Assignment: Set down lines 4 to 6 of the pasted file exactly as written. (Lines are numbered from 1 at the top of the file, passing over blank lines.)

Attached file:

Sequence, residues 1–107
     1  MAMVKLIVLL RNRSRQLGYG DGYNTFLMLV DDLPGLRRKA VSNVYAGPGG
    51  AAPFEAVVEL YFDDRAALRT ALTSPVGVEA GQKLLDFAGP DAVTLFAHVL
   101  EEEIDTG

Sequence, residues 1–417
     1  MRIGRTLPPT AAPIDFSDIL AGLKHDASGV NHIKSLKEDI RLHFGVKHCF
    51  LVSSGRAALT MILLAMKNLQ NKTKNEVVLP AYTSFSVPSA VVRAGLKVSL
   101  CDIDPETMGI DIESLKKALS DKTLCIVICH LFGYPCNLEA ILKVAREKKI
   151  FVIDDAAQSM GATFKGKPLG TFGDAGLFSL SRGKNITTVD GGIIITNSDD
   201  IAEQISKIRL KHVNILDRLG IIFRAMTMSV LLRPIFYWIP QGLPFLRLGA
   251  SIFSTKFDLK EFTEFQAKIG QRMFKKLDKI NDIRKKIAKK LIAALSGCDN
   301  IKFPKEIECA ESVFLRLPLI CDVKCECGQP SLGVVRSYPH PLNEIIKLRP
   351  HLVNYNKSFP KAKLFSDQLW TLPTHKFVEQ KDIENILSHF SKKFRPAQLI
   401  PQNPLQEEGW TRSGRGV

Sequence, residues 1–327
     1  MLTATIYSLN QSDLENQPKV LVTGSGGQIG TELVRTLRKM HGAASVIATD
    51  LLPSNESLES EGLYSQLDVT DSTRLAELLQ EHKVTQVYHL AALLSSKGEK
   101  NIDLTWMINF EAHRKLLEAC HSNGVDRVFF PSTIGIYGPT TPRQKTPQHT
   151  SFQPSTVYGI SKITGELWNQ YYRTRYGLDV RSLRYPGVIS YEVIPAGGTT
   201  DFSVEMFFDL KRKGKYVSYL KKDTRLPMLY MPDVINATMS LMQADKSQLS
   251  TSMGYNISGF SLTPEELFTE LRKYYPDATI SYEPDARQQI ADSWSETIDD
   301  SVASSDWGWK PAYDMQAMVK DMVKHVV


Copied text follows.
   101  EEEIDTG

Sequence, residues 1–417
     1  MRIGRTLPPT AAPIDFSDIL AGLKHDASGV NHIKSLKEDI RLHFGVKHCF